Dear Bird Folks,
How many families do Osprey couples raise each year? I’ve always thought they only had one, but back in August I saw a pair building a new nest near my house. Isn’t August a little late for Ospreys to start having another family?
– Dick, Yarmouth, MA
It’s not their fault, Dick,
I’m sure that Osprey couple you saw wanted their nest finished back in the spring, but this is Cape Cod. We all know it takes forever to get the permits needed to build anything. I’ll bet the birds were promised all of their paperwork would be completed by Memorial Day…but nobody said which Memorial Day. At least your Ospreys didn’t have to call a contractor. They’d have a better chance of hearing from Amelia Earhart than ever getting a Cape Cod contractor to call them back.
You are right; spring is when Ospreys should be working on their nests. In fact, the first thing a returning male Osprey does, even before he stops at the post office to pick up the mail, is to go to last year’s nest, make repairs and wait for his mate to arrive. Ospreys mate for life, but it’s a very relaxed relationship. They are only together during the nesting season. The rest of the year the two birds don’t see, talk or even text each other. Typically, the male arrives from South American first. Sometimes a young, unattached female will move in with him (which he doesn’t seem to mind). But that all comes to a quick end when his actual mate arrives. (Older females aren’t about to put up with any intruding Osprey hussies.)
The breeding season is short and the birds know it. After a few repairs to the nest, the eggs (usually three) are laid. The female does most of the incubating, but the male will also sit on the eggs while his mate takes a break to stretch her wings, grab a quick meal and use the ladies room. After hatching, the young birds are fed a steady diet of fish, fish and more fish. It takes nearly two months of constant fish eating, growing and parental care before the nestlings are strong enough to fly. But unlike songbirds, which typically leave the nest forever the minute they can fly, young Ospreys are homebodies. They remain on or near their nest and continue to beg for free meals from their parents. Over the next few weeks the young birds slowly develop their hunting skills, but they also continue to beg. (At this point in their lives they are much better at begging for fish than catching them.) By around the middle of August, the adult female can’t take the nagging anymore. She needs some “alone time.” So, with little regret, she heads south, leaving her kids in the hands of her mate. The male does the best he can to provide his offspring with a few last meals, and some parting fatherly advice. But then he too leaves and doesn’t come back. By Labor Day most of the Ospreys we see hanging around nest sites are confused young birds that are trying to figure out what to do next. It’s a bit sad to see the lonely birds sitting high on a perch, wondering where everyone went. But eventually they too get the urge to head out and make the long journey south. (This is when all of the area fish can finally breathe a sigh of relief.)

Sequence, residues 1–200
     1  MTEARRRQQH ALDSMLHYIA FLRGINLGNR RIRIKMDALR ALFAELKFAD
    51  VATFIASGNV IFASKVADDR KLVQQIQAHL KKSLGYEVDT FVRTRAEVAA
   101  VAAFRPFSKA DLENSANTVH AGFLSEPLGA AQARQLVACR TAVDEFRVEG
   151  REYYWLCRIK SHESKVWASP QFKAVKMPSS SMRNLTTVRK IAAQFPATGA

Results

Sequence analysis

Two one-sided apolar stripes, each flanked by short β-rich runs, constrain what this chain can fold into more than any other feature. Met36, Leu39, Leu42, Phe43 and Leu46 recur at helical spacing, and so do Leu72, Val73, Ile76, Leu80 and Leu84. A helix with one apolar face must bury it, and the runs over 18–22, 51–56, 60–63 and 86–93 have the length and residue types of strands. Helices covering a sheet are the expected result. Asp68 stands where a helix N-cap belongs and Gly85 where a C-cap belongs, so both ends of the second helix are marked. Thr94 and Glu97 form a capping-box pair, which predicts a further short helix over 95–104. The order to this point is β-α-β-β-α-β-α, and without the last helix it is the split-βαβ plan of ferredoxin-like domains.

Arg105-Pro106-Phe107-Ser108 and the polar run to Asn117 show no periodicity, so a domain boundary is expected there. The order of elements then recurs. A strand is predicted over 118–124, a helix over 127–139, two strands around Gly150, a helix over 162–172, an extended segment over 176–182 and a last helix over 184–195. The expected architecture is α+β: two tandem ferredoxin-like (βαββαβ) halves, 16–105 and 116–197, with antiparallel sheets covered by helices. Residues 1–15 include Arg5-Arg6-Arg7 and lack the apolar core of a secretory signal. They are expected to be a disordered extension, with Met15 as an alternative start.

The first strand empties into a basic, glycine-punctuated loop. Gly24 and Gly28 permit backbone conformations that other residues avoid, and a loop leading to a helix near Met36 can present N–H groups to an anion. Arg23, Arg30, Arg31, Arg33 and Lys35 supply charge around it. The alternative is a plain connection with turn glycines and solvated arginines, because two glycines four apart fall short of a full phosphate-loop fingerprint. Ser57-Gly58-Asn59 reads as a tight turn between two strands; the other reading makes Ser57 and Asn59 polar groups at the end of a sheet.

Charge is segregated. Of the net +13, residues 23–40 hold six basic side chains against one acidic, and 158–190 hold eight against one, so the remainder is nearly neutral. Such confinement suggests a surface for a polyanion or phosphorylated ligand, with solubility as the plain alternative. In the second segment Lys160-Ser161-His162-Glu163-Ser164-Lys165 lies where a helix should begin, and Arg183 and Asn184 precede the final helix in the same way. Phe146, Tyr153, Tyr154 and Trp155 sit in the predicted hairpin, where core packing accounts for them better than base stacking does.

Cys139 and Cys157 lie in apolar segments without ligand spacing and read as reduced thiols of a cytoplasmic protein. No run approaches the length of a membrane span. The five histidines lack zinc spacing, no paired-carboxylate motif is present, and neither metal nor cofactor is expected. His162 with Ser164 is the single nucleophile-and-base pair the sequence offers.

The Osprey nesting period starts in April and isn’t completed until nearly September. It’s a long process and there isn’t time for them to have more than one family per season. So, if Ospreys don’t have a second nesting, why did you see them building a new nest in the middle of August? There are a few possibilities here. One is that you are lying and made the whole thing up, but I don’t think so. I mean if you were going to lie about something, you’d likely save it for the IRS, not birds building a nest. A better possibility is that the birds you saw were juveniles. Ospreys don’t breed until they are three or four years old, although sometimes younger birds will pair-up and even do some premature nest building, but don’t actually lay any eggs. A more likely explanation is that your birds were a victim of July 4th’s Hurricane Arthur. The early storm toppled several area Osprey platforms and when the platforms went down so did the nests along with the chicks inside. (Stupid Arthur.) When an Osprey nest is lost mid-season the pair will occasionally build what is called a “frustration nest.” It’s a half-hearted attempt to re-nest; only this second nest will not have eggs. It’s simply too late for the couple to have a successful breeding season. The best they can do is create a new nest and hope it will be waiting for them when they return next spring…if another storm or a young hussy doesn’t get to it first.
Even though the nest you saw being built in August won’t be turning out any babies this year, Dick, there’s an excellent chance it will be productive next summer. Well, that’s assuming the Ospreys’ new nest finally wins approval by the town’s building inspector. Good luck to them with that.
On a different topic:
This is my annual end-of-summer warning about buggy birdseed. Summer is the breeding season for meal moths, and meal moths love both heat and birdseed. In fact, the seed you are using right now likely had moth eggs in it the day it was purchased. If it sits around for too long, the eggs will hatch and your seed will become filled with webs, moths and gross little worms. The best way to keep the bugs away in the summer is to buy smaller amounts of seed, use it up quickly and never store seed in your house. Okay? Don’t say I didn’t warn you.